According to various publications, such as The Wall Street Journal, the Chicago Sun Times, The Salt Star, and the Epoch times, a major Swiss bank, USB, has issued a 43 page dress code for its employees. The goal of the bank is to “impress customers with a polished appearance” on the part of their employees, so that "customers will know immediately they have entered a Swiss bank."
A quote from the dress code which appears in the Chicago Sun Times states, “Our body odor cannot be changed. However, we can be sure that it produces only pleasant scents.” Employees are instructed to avoid garlic, onions, and cigarettes as they cause bad breath." (Employees will be required to keep a food journal, much like dieters do, making it possible to uncover the perpetrator of flatulence by finding who ate the beans or broccoli for lunch.)
All staff are instructed to wear black, gray, or navy suits; men are to use necktie knots that match their face or body type. Knee high black socks are required. and cuff links and earrings are no-no’s for men. They are not to wear the same shoes or the same tie for two consecutive days. Also, men’s underwear should be easily washable and not detectable under their clothes. Male employees are required to get a haircut every 2 weeks, avoid hair coloring, and attend to their nasal hair. (Surveillance cameras are being installed at foot and chest levels to record each man’s daily tie and shoe choices, with rule offenders being sent home to change or to the nearest bootery to purchase additional footwear.)
Ladies' skirts should be no shorter than mid-knee and no cleavage should be visible. Blazers should be buttoned at all times except when the wearer is seated. More personal aspects of the dress code advise that the best time to apply perfume is “right after a hot shower when the pores are still open.”
Neither gender is allowed to have body piercings, and both would “benefit from well-trimmed toenails.” All are expected to wear wristwatches, as this infers promptness.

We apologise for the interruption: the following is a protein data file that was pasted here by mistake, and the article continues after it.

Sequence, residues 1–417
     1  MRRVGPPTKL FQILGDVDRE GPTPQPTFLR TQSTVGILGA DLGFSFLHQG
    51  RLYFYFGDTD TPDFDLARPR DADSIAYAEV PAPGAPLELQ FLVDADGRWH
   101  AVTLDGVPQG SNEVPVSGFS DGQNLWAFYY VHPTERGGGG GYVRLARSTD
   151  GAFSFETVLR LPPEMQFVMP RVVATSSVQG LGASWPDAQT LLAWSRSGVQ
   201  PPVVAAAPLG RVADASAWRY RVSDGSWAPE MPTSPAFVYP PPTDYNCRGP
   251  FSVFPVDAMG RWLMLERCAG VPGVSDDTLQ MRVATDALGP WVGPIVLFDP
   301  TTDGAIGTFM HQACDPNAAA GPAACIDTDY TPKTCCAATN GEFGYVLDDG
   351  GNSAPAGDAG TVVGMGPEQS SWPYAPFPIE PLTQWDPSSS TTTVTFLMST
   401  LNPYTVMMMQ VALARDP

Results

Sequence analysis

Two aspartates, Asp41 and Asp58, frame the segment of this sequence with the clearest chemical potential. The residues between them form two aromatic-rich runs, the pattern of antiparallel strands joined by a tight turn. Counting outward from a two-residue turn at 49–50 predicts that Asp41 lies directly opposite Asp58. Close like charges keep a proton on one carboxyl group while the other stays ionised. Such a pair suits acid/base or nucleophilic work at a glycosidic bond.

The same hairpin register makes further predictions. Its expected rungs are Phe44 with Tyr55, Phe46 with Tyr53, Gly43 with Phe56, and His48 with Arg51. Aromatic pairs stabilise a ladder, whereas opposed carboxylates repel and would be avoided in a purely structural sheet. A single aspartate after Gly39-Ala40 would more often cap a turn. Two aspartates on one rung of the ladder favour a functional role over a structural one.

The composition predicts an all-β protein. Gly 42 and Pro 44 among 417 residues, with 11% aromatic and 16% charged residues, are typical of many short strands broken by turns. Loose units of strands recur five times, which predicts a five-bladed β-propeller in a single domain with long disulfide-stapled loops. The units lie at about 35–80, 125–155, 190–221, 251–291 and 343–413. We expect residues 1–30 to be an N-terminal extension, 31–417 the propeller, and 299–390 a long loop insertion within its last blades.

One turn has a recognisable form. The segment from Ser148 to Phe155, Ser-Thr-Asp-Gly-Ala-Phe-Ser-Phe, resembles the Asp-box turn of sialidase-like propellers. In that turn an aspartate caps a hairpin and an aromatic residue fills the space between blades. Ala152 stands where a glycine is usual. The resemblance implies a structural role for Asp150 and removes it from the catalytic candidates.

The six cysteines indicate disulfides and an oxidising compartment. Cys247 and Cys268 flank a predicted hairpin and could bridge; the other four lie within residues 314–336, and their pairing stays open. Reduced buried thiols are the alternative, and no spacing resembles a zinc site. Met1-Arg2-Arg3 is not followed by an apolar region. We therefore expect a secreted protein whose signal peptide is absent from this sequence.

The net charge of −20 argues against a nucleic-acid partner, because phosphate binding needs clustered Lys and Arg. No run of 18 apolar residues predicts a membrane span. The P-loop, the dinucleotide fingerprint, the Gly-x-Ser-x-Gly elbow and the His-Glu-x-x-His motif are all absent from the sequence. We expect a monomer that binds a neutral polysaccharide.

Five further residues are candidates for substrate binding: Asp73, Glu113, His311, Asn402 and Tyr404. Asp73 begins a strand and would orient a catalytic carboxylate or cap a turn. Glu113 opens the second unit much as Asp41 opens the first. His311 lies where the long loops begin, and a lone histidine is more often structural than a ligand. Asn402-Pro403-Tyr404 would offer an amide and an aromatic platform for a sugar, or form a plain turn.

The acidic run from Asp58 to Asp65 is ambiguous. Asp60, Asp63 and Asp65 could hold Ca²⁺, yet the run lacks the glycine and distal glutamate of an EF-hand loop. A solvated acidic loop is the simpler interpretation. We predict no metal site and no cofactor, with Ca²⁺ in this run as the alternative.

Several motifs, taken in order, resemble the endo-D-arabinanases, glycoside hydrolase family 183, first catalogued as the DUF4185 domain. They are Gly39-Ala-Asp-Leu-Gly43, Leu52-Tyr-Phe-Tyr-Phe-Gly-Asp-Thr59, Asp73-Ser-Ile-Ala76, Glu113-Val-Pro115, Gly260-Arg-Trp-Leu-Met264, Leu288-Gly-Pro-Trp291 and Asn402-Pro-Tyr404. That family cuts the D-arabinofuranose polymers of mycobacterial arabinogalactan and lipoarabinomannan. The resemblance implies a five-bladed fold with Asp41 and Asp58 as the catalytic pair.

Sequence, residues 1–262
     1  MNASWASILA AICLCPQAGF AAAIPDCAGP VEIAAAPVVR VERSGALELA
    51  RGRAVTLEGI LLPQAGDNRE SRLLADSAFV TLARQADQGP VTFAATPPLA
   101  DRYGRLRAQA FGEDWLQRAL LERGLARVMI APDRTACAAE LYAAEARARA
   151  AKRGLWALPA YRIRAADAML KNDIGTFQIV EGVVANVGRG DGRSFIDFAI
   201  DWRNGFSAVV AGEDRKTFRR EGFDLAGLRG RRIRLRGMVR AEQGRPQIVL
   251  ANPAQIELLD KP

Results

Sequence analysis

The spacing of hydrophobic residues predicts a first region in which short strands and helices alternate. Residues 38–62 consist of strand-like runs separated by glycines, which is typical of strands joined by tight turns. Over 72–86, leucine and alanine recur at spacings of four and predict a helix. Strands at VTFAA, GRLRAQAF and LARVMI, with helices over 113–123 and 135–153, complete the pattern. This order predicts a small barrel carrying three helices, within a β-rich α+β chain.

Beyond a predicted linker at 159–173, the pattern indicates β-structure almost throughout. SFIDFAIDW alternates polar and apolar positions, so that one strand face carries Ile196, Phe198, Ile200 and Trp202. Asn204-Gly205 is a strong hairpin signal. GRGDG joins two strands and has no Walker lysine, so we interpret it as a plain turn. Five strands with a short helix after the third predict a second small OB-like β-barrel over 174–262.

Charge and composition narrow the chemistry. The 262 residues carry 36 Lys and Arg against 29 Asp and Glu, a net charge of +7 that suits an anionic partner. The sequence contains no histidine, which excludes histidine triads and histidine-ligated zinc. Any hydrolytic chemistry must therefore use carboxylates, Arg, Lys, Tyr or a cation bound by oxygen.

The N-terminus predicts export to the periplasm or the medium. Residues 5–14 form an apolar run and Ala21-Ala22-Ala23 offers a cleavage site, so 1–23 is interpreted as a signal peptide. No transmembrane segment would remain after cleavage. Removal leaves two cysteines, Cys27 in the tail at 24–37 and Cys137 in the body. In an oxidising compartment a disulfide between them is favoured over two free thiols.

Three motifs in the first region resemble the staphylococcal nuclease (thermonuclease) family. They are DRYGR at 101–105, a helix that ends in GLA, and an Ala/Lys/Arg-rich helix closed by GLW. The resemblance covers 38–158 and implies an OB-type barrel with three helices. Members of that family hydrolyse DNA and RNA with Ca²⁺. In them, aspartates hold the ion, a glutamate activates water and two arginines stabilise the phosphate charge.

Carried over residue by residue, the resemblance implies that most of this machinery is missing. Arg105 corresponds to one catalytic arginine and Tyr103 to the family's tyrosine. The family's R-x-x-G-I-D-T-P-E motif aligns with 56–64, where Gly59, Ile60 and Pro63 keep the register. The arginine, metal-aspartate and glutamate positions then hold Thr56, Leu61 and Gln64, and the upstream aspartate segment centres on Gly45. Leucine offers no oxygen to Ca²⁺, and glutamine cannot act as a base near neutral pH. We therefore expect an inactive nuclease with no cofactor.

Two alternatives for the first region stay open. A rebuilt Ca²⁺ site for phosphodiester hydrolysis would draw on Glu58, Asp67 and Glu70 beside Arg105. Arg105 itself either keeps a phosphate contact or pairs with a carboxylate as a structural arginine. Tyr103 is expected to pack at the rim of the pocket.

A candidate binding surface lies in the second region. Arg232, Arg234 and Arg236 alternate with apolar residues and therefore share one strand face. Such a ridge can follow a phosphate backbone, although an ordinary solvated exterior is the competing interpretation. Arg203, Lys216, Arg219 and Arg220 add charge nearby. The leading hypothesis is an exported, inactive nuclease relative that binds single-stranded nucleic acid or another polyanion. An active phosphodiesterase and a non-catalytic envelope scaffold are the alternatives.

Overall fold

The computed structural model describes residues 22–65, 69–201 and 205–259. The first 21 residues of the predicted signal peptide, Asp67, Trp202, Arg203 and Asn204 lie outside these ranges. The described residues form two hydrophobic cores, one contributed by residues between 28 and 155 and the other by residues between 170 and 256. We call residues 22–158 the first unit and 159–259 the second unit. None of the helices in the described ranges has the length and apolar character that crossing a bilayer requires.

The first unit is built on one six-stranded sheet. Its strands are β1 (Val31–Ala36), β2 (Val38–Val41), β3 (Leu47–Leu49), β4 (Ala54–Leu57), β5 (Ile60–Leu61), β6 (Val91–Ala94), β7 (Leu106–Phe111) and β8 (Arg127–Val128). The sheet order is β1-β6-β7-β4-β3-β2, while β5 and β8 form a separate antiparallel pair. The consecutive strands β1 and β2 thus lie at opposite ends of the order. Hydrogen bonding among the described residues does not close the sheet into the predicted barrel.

Advertisements for a Cleavage Clearer and a Toenail Tracker are in process, according to Bjorn Vickers of Vickers Management Staffing Company.
Reaction to the 43-page dress code has been varied. When asked for her opinion, Olga Johansen replied, “Kneeling first thing when I arrive at work to be certain that my skirt hem hits the floor is annoying. I feel like I’m back at St. Olaf’s Convent.”
Hans Siegfried , who was recently employed by UBS as Personal Hygiene Evaluator, stated: "Gentlemen don’t mind too much when you sniff their breath, or look up their nostrils to make certain their nasal hair is under control, but tend to resent being asked how recently they washed their underwear or told that they must wear different briefs if their boxers are too bulky, or boxers if their jockey shorts tend to draw attention to their “package.” He went on to explain that the most onerous part of his duties was investigating incidents of flatulence.
“It’s an impossible task. Employees are not honest in their food journals. Just the last week, I had to scan the food journals of everyone in the Private Banking Department. The room reeked with the aftermath of a bean and cheese burrito lunch, yet every journal listed salad or chicken soup as their luncheon fare. What am I to do? I draw the line at positioning my nose against a suspected offender’s anus."
One teller on condition of anonymity, lest her position be jeopardized, complained, “Something needs to be done about the bloke who keeps ringing the teller line and between heavy breaths asking what color knickers we are wearing, and I don’t agree with the morning pat down to discover any ill-fitting undergarments. Surely, that can’t be necessary or legal.”
“I don’t think it’s right that we have to walk through a metal detector to make sure we aren’t wearing body jewelry. If I want to have my private parts pierced and wear diamond studs, that’s my business,” stated Hilda Stearns. “As long as my diamond stud and nipple rings aren’t out in the open, why should management care?”
Obviously there are some kinks in the dress code which need to be ironed out!
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